- by shiju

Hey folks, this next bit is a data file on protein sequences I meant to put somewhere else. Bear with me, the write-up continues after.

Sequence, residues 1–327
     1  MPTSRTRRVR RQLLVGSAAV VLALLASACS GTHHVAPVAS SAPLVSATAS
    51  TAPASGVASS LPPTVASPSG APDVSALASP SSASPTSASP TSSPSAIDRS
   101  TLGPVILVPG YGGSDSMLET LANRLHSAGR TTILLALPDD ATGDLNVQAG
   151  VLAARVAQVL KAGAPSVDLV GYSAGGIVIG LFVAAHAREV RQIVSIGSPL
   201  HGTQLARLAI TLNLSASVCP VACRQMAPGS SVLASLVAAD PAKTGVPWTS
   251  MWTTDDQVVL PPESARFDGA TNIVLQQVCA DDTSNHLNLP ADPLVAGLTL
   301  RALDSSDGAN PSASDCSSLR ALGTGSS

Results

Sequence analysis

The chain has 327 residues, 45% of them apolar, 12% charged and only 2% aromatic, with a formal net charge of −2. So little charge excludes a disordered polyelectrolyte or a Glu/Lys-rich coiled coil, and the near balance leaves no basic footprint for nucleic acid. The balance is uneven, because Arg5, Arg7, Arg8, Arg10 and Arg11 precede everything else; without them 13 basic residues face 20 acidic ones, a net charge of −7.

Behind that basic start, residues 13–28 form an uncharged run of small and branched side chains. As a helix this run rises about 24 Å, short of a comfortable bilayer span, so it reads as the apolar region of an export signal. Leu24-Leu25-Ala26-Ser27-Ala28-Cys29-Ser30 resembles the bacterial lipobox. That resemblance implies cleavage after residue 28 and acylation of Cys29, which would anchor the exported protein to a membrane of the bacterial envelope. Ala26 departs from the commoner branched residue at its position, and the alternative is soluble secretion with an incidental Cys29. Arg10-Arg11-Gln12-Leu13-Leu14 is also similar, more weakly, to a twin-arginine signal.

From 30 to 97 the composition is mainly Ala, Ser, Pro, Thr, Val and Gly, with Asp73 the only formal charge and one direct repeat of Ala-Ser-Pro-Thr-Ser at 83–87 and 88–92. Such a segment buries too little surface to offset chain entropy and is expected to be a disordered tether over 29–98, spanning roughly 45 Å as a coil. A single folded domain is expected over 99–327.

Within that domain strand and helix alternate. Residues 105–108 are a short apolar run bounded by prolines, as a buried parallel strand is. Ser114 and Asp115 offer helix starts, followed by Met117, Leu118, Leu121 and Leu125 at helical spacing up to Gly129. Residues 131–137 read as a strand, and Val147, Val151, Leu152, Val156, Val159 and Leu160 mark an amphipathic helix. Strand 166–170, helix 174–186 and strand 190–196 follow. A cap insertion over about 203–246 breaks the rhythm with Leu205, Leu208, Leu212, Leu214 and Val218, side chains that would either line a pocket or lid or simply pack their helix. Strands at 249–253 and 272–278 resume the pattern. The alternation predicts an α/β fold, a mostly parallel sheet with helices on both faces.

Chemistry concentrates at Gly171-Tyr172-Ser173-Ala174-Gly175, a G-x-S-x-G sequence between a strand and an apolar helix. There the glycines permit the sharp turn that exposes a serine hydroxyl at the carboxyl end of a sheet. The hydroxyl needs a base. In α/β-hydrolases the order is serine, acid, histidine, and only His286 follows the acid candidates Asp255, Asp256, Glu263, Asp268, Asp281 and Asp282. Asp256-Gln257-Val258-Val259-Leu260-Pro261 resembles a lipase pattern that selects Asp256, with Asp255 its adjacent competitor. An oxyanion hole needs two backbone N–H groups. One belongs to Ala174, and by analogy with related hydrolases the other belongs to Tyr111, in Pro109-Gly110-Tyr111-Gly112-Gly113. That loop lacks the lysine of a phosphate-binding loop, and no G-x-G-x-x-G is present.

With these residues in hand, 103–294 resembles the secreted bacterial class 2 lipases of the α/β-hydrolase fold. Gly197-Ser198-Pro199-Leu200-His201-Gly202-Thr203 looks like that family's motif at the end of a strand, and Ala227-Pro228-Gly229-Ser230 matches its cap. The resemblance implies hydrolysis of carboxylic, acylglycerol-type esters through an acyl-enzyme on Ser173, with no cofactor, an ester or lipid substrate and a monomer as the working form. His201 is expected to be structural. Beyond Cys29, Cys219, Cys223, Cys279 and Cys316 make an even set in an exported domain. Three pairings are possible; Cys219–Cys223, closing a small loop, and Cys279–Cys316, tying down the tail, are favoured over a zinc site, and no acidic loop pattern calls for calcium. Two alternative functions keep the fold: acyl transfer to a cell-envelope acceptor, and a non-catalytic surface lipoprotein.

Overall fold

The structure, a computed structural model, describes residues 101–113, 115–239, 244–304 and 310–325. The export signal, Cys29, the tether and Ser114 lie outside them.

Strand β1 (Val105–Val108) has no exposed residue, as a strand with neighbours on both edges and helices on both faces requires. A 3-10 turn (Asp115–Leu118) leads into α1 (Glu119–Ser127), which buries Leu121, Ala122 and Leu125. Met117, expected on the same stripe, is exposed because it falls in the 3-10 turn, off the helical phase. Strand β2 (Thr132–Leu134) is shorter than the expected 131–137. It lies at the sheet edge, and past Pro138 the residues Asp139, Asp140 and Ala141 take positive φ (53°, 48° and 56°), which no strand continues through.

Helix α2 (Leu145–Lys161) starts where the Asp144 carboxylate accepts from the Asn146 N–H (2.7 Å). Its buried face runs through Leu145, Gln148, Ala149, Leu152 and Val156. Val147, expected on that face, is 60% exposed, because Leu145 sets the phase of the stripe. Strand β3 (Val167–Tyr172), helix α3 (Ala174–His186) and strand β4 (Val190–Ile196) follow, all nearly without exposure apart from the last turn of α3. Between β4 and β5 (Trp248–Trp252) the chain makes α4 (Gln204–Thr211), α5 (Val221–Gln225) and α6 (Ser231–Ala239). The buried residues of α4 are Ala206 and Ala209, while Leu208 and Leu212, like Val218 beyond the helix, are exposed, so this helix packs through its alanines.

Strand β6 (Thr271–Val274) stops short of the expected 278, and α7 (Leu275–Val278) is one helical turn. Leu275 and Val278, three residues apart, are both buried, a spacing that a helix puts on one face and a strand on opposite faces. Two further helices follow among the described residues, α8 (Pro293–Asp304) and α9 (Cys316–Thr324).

In this post, I will demonstrate web application development using ASP. NET MVC 3, Razor and EF code First. This post will also cover Dependency Injection using Unity 2.0 and generic Repository and Unit of Work for EF Code First. The following frameworks will be used for this step by step tutorial. ASP.NET MVC 3 EF Code First CTP 5 Unity 2.0 Define Domain Model Let’s create domain model for our simple web application Category class public class Category {     public int CategoryId { get; set; }     [Required(ErrorMessage = "Name Required")]     [StringLength(25, ErrorMessage = "Must be less than 25 characters")]     public string Name { get; set;}     public string Description { get; set; }     public virtual ICollection<Expense> Expenses { get; set; } }   Expense class public class Expense {             public int ExpenseId { get; set; }            public string  Transaction { get; set; }     public DateTime Date { get; set; }     public double Amount { get; set; }     public int CategoryId { get; set; }     public virtual Category Category { get; set; } } We have two domain entities - Category and Expense. A single category contains a list of expense transactions and every expense transaction should have a Category. In this post, we will be focusing on CRUD operations for the entity Category and will be working on the Expense entity with a View Model object in the later post. And the source code for this application will be refactored over time. The above entities are very simple POCO (Plain Old CLR Object) classes and the entity Category is decorated with validation attributes in the System.ComponentModel.DataAnnotations namespace. Now we want to use these entities for defining model objects for the Entity Framework 4. Using the Code First approach of Entity Framework, we can first define the entities by simply writing POCO classes without any coupling with any API or database library. This approach lets you focus on domain model which will enable Domain-Driven Development for applications. EF code first support is currently enabled with a separate API that is runs on top of the Entity Framework 4. EF Code First is reached CTP 5 when I am writing this article. Creating Context Class for Entity Framework We have created our domain model and let’s create a class in order to working with Entity Framework Code First. For this, you have to download EF Code First CTP 5 and add reference to the assembly EntitFramework.dll. You can also use NuGet to download add reference to EEF Code First.    public class MyFinanceContext : DbContext {     public MyFinanceContext() : base("MyFinance") { }     public DbSet<Category> Categories { get; set; }     public DbSet<Expense> Expenses { get; set; }         }   The above class MyFinanceContext is derived from DbContext that can connect your model classes to a database. The MyFinanceContext class is mapping our Category and Expense class into database tables Categories and Expenses using DbSet<TEntity> where TEntity is any POCO class. When we are running the application at first time, it will automatically create the database. EF code-first look for a connection string in web.config or app.config that has the same name as the dbcontext class. If it is not find any connection string with the convention, it will automatically create database in local SQL Express database by default and the name of the database will be same name as the dbcontext class. You can also define the name of database in constructor of the the dbcontext class. Unlike NHibernate, we don’t have to use any XML based mapping files or Fluent interface for mapping between our model and database. The model classes of Code First are working on the basis of conventions and we can also use a fluent API to refine our model. The convention for primary key is ‘Id’ or ‘<class name>Id’.  If primary key properties are detected with type ‘int’, ‘long’ or ‘short’, they will automatically registered as identity columns in the database by default. Primary key detection is not case sensitive. We can define our model classes with validation attributes in the System.ComponentModel.DataAnnotations namespace and it automatically enforces validation rules when a model object is updated or saved. Generic Repository for EF Code First We have created model classes and dbcontext class. Now we have to create generic repository pattern for data persistence with EF code first. If you don’t know about the repository pattern, checkout Martin Fowler’s article on Repository Let’s create a generic repository to working with DbContext and DbSet generics. public interface IRepository<T> where T : class     {         void Add(T entity);         void Delete(T entity);         T GetById(long Id);         IEnumerable<T> All();     }   RepositoryBasse – Generic Repository class public abstract class RepositoryBase<T> where T : class { private MyFinanceContext database; private readonly IDbSet<T> dbset; protected RepositoryBase(IDatabaseFactory databaseFactory) {     DatabaseFactory = databaseFactory;     dbset = Database.Set<T>(); }   protected IDatabaseFactory DatabaseFactory {     get; private set; }   protected MyFinanceContext Database {     get { return database ?? (database = DatabaseFactory.Get()); } } public virtual void Add(T entity) {     dbset.Add(entity);            }        public virtual void Delete(T entity) {     dbset.Remove(entity); }   public virtual T GetById(long id) {     return dbset.Find(id); }   public virtual IEnumerable<T> All() {     return dbset.ToList(); } }   DatabaseFactory class public class DatabaseFactory : Disposable, IDatabaseFactory {     private MyFinanceContext database;     public MyFinanceContext Get()     {         return database ?? (database = new MyFinanceContext());     }     protected override void DisposeCore()     {         if (database != null)             database.Dispose();     } } Unit of Work If you are new to Unit of Work pattern, checkout Fowler’s article on Unit of Work . According to Martin Fowler, the Unit of Work pattern "maintains a list of objects affected by a business transaction and coordinates the writing out of changes and the resolution of concurrency problems." Let’s create a class for handling Unit of Work   public interface IUnitOfWork {     void Commit(); }   UniOfWork class public class UnitOfWork : IUnitOfWork {     private readonly IDatabaseFactory databaseFactory;     private MyFinanceContext dataContext;       public UnitOfWork(IDatabaseFactory databaseFactory)     {         this.databaseFactory = databaseFactory;     }       protected MyFinanceContext DataContext     {         get { return dataContext ?? (dataContext = databaseFactory.Get()); }     }       public void Commit()     {         DataContext.Commit();     } }   The Commit method of the UnitOfWork will call the commit method of MyFinanceContext class and it will execute the SaveChanges method of DbContext class.   Repository class for Category In this post, we will be focusing on the persistence against Category entity and will working on other entities in later post. Let’s create a repository for handling CRUD operations for Category using derive from a generic Repository RepositoryBase<T>.   public class CategoryRepository: RepositoryBase<Category>, ICategoryRepository     {     public CategoryRepository(IDatabaseFactory databaseFactory)         : base(databaseFactory)         {         }                } public interface ICategoryRepository : IRepository<Category> { } If we need additional methods than generic repository for the Category, we can define in the CategoryRepository. Dependency Injection using Unity 2.0 If you are new to Inversion of Control/ Dependency Injection or Unity, please have a look on my articles at http://weblogs.asp.net/shijuvarghese/archive/tags/IoC/default.aspx. I want to create a custom lifetime manager for Unity to store container in the current HttpContext.   public class HttpContextLifetimeManager<T> : LifetimeManager, IDisposable {     public override object GetValue()     {         return HttpContext.Current.Items[typeof(T).AssemblyQualifiedName];     }     public override void RemoveValue()     {         HttpContext.Current.Items.Remove(typeof(T).AssemblyQualifiedName);     }     public override void SetValue(object newValue)     {         HttpContext.Current.Items[typeof(T).AssemblyQualifiedName] = newValue;     }     public void Dispose()     {         RemoveValue();     } }   Let’s create controller factory for Unity in the ASP.NET MVC 3 application. public class UnityControllerFactory : DefaultControllerFactory { IUnityContainer container; public UnityControllerFactory(IUnityContainer container) {     this.container = container; } protected override IController GetControllerInstance(RequestContext reqContext, Type controllerType) {     IController controller;     if (controllerType == null)         throw new HttpException(                 404, String.Format(                     "The controller for path '{0}' could not be found" +     "or it does not implement IController.",                 reqContext.HttpContext.Request.Path));       if (!typeof(IController).IsAssignableFrom(controllerType))         throw new ArgumentException(                 string.Format(                     "Type requested is not a controller: {0}",                     controllerType.Name),                     "controllerType");     try     {         controller= container.Resolve(controllerType) as IController;     }     catch (Exception ex)     {         throw new InvalidOperationException(String.Format(                                 "Error resolving controller {0}",                                 controllerType.Name), ex);     }     return controller; }   }   Configure contract and concrete types in Unity Let’s configure our contract and concrete types in Unity for resolving our dependencies.   private void ConfigureUnity() {     //Create UnityContainer               IUnityContainer container = new UnityContainer()                 .RegisterType<IDatabaseFactory, DatabaseFactory>(new HttpContextLifetimeManager<IDatabaseFactory>())     .RegisterType<IUnitOfWork, UnitOfWork>(new HttpContextLifetimeManager<IUnitOfWork>())     .RegisterType<ICategoryRepository, CategoryRepository>(new HttpContextLifetimeManager<ICategoryRepository>());                 //Set container for Controller Factory                ControllerBuilder.Current.SetControllerFactory(             new UnityControllerFactory(container)); }   In the above ConfigureUnity method, we are registering our types onto Unity container with custom lifetime manager HttpContextLifetimeManager. Let’s call ConfigureUnity method in the Global.asax.cs for set controller factory for Unity and configuring the types with Unity.   protected void Application_Start() {     AreaRegistration.RegisterAllAreas();     RegisterGlobalFilters(GlobalFilters.Filters);     RegisterRoutes(RouteTable.Routes);     ConfigureUnity(); }   Developing web application using ASP.NET MVC 3 We have created our domain model for our web application and also have created repositories and configured dependencies with Unity container. Now we have to create controller classes and views for doing CRUD operations against the Category entity. Let’s create controller class for Category Category Controller   public class CategoryController : Controller {     private readonly ICategoryRepository categoryRepository;     private readonly IUnitOfWork unitOfWork;           public CategoryController(ICategoryRepository categoryRepository, IUnitOfWork unitOfWork)     {         this.categoryRepository = categoryRepository;         this.unitOfWork = unitOfWork;     }       public ActionResult Index()     {         var categories = categoryRepository.All();         return View(categories);     }     [HttpGet]     public ActionResult Edit(int id)     {         var category = categoryRepository.GetById(id);         return View(category);     }       [HttpPost]     public ActionResult Edit(int id, FormCollection collection)     {         var category = categoryRepository.GetById(id);         if (TryUpdateModel(category))         {             unitOfWork.Commit();             return RedirectToAction("Index");         }         else return View(category);                 }       [HttpGet]     public ActionResult Create()     {         var category = new Category();         return View(category);     }           [HttpPost]     public ActionResult Create(Category category)     {         if (!ModelState.IsValid)         {             return View("Create", category);         }                     categoryRepository.Add(category);         unitOfWork.Commit();         return RedirectToAction("Index");     }       [HttpPost]     public ActionResult Delete(int  id)     {         var category = categoryRepository.GetById(id);         categoryRepository.Delete(category);         unitOfWork.Commit();         var categories = categoryRepository.All();         return PartialView("CategoryList", categories);       }        }   Creating Views in Razor Now we are going to create views in Razor for our ASP.NET MVC 3 application.  Let’s create a partial view CategoryList.cshtml for listing category information and providing link for Edit and Delete operations. CategoryList.cshtml @using MyFinance.Helpers; @using MyFinance.Domain; @model IEnumerable<Category>      <table>         <tr>         <th>Actions</th>         <th>Name</th>          <th>Description</th>         </tr>     @foreach (var item in Model) {             <tr>             <td>                 @Html.ActionLink("Edit", "Edit",new { id = item.CategoryId })                 @Ajax.ActionLink("Delete", "Delete", new { id = item.CategoryId }, new AjaxOptions { Confirm = "Delete Expense?", HttpMethod = "Post", UpdateTargetId = "divCategoryList" })                           </td>             <td>                 @item.Name             </td>             <td>                 @item.Description             </td>         </tr>          }       </table>     <p>         @Html.ActionLink("Create New", "Create")     </p> The delete link is providing Ajax functionality using the Ajax.ActionLink. This will call an Ajax request for Delete action method in the CategoryCotroller class. In the Delete action method, it will return Partial View CategoryList after deleting the record. We are using CategoryList view for the Ajax functionality and also for Index view using for displaying list of category information. Let’s create Index view using partial view CategoryList  Index.chtml @model IEnumerable<MyFinance.Domain.Category> @{     ViewBag.Title = "Index"; }    <h2>Category List</h2>    <script src="@Url.Content("~/Scripts/jquery.unobtrusive-ajax.min.js")" type="text/javascript"></script>    <div id="divCategoryList">               @Html.Partial("CategoryList", Model) </div>   We can call the partial views using Html.Partial helper method. Now we are going to create View pages for insert and update functionality for the Category. Both view pages are sharing common user interface for entering the category information. So I want to create an EditorTemplate for the Category information. We have to create the EditorTemplate with the same name of entity object so that we can refer it on view pages using @Html.EditorFor(model => model) . So let’s create template with name Category. Let’s create view page for insert Category information   @model MyFinance.Domain.Category   @{     ViewBag.Title = "Save"; }   <h2>Create</h2>   <script src="@Url.Content("~/Scripts/jquery.validate.min.js")" type="text/javascript"></script> <script src="@Url.Content("~/Scripts/jquery.validate.unobtrusive.min.js")" type="text/javascript"></script>   @using (Html.BeginForm()) {     @Html.ValidationSummary(true)     <fieldset>         <legend>Category</legend>                @Html.EditorFor(model => model)               <p>             <input type="submit" value="Create" />         </p>     </fieldset> }   <div>     @Html.ActionLink("Back to List", "Index") </div> ViewStart file In Razor views, we can add a file named _viewstart.cshtml in the views directory  and this will be shared among the all views with in the Views directory. The below code in the _viewstart.cshtml, sets the Layout page for every Views in the Views folder.      @{     Layout = "~/Views/Shared/_Layout.cshtml"; }   Source Code You can download the source code from http://efmvc.codeplex.com/ . The source will be refactored on over time.   Summary In this post, we have created a simple web application using ASP.NET MVC 3 and EF Code First. We have discussed on technologies and practices such as ASP.NET MVC 3, Razor, EF Code First, Unity 2, generic Repository and Unit of Work. In my later posts, I will modify the application and will be discussed on more things. Stay tuned to my blog  for more posts on step by step application building.